We working dads have it tough these days too.
Besides having to put food on the table, working dads also have to cope with changing societal expectations and desires of what new age fathers should do, such as co-parenting on a more equitable basis with our wives, and concerns over rising costs of living.
Working dads also face an increasingly disruptive nature of work where our job security is not a given and we may have to change jobs and industries multiple times every few years, not to mention we still hope to have some form of career and salary progression before we retire.
How can we working dads survive and keep our sanity? We spoke to young working dad Daniel Loh who has two young sons aged 3 and 5, on how joining the union can help us when we face the following 5 issues.
Caption: Daniel Loh, working dad with 2 sons and AESU union leader (Source: Daniel Loh)
1. Employment Terms & Conditions
What if we want some flexi-work or family care leave to look after our family, or wish we had more medical benefits to cope with the cost of our children’s healthcare?
What if our company management suddenly changes our employment terms and conditions against our favour, that makes us worse off as working dads?
If I have an alternative opinion, will management choose to listen to just one employee if I’m the only voice? Or do I have a better chance at getting my voice heard collectively with other voices?
This is what joining a union does, giving us a collective voice to share our point of view, concerns, wishes and grievances with the management, so that they know my voice is not an outlier, but part of a greater body which is representative of the majority of employees.
Joining a union gives us a formal avenue to collectively bargain for many concerns and initiatives, such as the below:
Source: Dollars & Sense
To find out which union we fall under or how to unionise our company, we can contact NTUC or check out the list of unions here.
2. Employment and Employability
During periods of downtime or restructuring, our jobs are even more at risk.
Unions will first come in to discuss with management how to prevent job losses, such as sending us for training to prepare us with new skills, or redeployment to other units which need more hands on deck instead of retrenching us all.
In instances when retrenchment is inevitable, unions negotiate for retrenchment benefits and help us link up with the right organisations like e2i to find a new job and attend employability workshops to prime us for the job search.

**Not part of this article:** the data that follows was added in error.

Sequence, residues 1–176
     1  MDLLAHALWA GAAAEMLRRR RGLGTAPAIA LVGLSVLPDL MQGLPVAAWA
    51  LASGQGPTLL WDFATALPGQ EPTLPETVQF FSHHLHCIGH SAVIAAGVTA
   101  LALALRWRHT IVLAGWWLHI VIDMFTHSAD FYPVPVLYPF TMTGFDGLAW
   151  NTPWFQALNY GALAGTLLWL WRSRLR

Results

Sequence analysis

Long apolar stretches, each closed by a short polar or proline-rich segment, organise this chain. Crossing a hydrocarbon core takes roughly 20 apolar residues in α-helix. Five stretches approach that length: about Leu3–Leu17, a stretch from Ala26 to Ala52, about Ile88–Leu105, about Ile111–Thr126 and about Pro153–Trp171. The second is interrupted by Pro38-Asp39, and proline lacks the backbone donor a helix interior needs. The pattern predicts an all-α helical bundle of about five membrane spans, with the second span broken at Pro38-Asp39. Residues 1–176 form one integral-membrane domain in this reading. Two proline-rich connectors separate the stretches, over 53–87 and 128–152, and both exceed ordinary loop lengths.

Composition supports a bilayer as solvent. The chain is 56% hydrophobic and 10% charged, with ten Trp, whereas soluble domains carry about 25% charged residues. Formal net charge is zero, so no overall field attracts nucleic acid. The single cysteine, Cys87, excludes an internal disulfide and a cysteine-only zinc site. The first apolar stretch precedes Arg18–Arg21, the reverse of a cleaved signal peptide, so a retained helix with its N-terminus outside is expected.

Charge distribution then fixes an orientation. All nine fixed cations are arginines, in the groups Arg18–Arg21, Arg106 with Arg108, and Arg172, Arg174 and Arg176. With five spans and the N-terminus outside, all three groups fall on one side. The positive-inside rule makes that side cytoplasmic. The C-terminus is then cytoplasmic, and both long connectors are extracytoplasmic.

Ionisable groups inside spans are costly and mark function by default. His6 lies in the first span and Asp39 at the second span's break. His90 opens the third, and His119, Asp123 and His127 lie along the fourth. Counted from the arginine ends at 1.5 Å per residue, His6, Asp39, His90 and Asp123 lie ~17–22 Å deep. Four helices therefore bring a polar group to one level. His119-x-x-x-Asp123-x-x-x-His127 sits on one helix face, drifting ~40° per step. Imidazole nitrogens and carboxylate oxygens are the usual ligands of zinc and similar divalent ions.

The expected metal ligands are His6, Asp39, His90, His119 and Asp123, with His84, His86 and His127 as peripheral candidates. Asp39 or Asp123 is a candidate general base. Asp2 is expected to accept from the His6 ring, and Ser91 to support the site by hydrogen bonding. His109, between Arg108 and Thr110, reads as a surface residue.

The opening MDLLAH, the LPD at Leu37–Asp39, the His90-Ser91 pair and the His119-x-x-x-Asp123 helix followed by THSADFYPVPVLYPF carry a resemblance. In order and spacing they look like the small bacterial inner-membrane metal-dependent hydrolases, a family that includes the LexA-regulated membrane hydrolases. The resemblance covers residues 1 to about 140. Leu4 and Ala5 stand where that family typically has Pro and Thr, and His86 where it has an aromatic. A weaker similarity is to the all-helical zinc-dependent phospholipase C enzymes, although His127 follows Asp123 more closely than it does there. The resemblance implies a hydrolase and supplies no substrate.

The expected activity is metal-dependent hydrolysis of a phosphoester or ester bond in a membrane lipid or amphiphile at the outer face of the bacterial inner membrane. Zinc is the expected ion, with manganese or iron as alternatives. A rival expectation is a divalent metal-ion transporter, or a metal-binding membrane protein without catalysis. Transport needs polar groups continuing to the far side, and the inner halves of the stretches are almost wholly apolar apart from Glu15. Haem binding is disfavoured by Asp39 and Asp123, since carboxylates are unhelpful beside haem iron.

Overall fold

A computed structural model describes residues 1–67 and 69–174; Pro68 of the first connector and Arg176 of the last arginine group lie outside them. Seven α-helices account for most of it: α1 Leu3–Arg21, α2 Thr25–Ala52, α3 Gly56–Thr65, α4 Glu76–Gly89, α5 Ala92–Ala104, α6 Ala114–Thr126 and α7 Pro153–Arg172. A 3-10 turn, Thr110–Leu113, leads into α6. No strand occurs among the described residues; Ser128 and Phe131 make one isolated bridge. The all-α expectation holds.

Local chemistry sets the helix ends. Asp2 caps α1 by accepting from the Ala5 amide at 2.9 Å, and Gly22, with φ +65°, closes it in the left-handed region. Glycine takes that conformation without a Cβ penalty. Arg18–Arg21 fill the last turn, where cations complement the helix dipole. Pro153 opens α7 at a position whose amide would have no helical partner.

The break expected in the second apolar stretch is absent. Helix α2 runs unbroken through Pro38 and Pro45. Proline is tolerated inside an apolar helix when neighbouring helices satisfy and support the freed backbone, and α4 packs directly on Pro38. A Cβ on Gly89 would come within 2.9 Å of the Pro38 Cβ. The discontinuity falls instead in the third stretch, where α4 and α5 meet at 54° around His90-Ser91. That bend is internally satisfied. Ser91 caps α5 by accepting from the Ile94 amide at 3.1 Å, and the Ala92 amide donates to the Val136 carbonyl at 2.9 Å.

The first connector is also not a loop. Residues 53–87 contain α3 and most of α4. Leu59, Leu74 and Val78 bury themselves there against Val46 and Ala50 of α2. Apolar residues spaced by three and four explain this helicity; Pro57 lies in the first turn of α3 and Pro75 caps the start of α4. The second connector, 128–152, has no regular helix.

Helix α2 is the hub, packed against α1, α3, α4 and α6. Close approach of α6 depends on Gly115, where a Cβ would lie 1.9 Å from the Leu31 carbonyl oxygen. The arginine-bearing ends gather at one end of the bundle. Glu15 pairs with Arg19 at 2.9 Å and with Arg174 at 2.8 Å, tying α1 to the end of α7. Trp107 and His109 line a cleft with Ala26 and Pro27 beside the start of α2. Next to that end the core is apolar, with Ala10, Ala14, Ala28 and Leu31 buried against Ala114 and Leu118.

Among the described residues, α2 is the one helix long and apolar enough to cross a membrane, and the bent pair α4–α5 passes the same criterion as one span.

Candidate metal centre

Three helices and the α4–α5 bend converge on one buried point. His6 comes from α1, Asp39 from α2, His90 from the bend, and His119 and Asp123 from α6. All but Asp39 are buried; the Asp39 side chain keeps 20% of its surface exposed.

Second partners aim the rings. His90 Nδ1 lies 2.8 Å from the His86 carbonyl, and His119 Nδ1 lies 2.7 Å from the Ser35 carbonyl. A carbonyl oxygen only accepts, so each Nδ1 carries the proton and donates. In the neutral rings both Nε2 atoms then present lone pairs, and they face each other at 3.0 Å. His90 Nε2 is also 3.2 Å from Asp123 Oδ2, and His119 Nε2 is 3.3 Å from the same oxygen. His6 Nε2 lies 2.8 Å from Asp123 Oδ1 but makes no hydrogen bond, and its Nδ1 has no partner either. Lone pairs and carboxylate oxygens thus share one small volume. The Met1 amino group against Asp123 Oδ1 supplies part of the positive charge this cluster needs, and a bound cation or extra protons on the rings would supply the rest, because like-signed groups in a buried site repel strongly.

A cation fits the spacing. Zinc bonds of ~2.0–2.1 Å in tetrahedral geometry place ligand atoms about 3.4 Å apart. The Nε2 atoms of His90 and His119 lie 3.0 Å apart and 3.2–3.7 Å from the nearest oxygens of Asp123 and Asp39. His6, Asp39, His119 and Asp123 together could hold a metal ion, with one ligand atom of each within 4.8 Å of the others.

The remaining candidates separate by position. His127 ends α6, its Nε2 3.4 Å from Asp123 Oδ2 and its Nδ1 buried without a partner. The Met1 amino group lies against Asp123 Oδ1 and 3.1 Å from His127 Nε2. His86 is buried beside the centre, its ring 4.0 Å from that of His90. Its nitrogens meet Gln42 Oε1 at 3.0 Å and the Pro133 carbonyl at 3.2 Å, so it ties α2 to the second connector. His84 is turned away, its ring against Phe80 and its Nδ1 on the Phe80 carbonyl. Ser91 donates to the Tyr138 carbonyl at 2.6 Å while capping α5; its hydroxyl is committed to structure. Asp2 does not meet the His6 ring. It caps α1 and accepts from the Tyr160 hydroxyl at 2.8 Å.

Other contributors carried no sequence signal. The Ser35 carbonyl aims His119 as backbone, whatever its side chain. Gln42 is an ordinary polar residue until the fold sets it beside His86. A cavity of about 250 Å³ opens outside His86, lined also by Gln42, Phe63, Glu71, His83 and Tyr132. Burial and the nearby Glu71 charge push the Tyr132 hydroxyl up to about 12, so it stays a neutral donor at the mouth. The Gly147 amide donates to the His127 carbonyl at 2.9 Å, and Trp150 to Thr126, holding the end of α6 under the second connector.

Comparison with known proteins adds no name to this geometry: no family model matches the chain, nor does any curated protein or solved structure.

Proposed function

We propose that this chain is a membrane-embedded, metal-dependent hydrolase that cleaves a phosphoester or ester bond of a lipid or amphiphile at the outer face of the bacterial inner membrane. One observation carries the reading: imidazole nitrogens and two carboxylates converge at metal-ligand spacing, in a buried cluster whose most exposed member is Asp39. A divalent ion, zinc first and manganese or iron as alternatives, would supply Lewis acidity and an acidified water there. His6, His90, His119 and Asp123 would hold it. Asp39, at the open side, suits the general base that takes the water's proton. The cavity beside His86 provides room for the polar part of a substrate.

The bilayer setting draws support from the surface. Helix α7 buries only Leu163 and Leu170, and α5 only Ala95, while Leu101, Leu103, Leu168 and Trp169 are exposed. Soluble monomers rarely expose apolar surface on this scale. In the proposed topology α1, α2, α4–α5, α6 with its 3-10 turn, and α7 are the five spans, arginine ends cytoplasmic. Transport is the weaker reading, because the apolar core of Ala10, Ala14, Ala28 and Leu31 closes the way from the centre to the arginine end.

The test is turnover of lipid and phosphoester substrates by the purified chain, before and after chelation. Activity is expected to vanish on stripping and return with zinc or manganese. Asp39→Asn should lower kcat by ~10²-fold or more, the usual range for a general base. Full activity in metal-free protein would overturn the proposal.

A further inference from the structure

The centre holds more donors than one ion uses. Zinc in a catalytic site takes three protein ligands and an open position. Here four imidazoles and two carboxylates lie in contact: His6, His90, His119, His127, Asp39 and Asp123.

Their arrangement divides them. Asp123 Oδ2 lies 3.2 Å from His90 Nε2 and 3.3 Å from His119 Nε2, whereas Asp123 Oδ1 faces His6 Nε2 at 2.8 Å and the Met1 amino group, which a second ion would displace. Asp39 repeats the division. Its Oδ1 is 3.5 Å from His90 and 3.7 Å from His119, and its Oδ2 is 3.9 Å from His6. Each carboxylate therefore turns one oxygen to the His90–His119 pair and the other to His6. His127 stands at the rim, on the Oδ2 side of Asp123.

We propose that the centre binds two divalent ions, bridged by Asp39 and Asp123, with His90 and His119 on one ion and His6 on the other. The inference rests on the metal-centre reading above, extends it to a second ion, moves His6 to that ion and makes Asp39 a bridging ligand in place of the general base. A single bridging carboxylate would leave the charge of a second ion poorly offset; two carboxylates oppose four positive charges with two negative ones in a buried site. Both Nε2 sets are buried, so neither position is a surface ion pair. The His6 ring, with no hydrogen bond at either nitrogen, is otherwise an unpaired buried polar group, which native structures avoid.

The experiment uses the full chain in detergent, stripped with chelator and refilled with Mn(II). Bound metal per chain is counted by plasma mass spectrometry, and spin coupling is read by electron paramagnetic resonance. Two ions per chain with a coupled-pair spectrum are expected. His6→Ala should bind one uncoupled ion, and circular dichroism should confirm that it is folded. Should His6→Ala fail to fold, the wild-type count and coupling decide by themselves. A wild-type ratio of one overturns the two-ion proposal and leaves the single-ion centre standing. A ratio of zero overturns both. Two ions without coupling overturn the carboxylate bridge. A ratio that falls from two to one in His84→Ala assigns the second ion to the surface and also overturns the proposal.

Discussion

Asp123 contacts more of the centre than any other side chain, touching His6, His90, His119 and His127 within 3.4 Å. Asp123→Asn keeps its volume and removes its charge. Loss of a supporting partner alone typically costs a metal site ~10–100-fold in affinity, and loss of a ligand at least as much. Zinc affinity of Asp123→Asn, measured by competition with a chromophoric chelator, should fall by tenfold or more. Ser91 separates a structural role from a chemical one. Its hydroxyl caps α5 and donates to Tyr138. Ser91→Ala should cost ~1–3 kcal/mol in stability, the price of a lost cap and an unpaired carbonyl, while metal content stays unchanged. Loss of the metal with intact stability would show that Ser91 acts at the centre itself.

Even if we manage to avoid retrenchment or decide to be freelancers and self-employed, our jobs are not guaranteed for life.
A McKinsey survey estimated 800,000 jobs in Singapore will be automated away by 2030. In 12 years’ time, do we have the necessary skills to move onto our next job or another industry?
3. Career Progression
Being a union member gives us access to $250 every year to offset course fees under NTUC’s Union Training Assistance Programme (UTAP), so we can take the courses we should be learning to prepare for our next career, if we know that our jobs will not be around for long.
Daniel, who also went one step further from signing up as a union member, to becoming the President of the Air-Transport Executive Staff Union (AESU), says that unions can also work with management to support staff upgrading early on.
Caption: AESU, the union which represents 1,000 executives in 7 companies under SIA Group and SATS, at a discussion on how to reach out to more working people (Source: Daniel Loh)
For example, AESU worked with SATS management to co-identify 30 recommended courses (out of 10,000 SkillsFuture courses) that staff should take to build up necessary skillsets.
AESU also negotiated with SATS to provide additional $500 training fund support per year for all Admin Officer Singaporean employees (aka PMEs), which the union subsequently engaged its members to inform them of the relevant courses and funding.
Caption: Training credits and subsidies that AESU members enjoy (Source: AESU)
Joining a union means we will not miss out on extra funds available to upgrade, and we have an extra group of people behind us to keep a lookout for relevant courses and resources.
4. Pro-family activities
Joining a union gives us more pro-family activities to bond with our loved ones.
For example, AESU organises family movie nights for union members, sports days with other unions and arranges for nutrition and wellness talks at the workplace to encourage members to have healthy lifestyles.
Caption: Daniel with an AESU member and family at AESU’s Star Wars Movie Nite (Source: Daniel Loh)
Daniel, who credits his wife’s support as integral to helping him balance his career, raise a family and union work (which is actually voluntary by the way), shares that unions care a lot for their members and actively look for ways to improve members’ welfare, which includes managing work and life well.
5. Managing cost of living
Working dads have to pay for many bills such as insurance, groceries, food, childcare and medical expenses.
Joining a union helps us to defray some of those costs, such as:
– being covered by a death and total permanent disability insurance (NTUC GIFT) before we and our spouses reach 65
– getting rebates from NTUC FairPrice that can sometimes even completely cover our annual membership fee
– getting LinkPoints from sending our children to My First Skool
– discounts at other NTUC social enterprises
– other NTUC privileges for family-bonding activities
Raising a family and managing our careers aren’t easy to balance at the same time, but being a union member ensures we are not alone in this journey.
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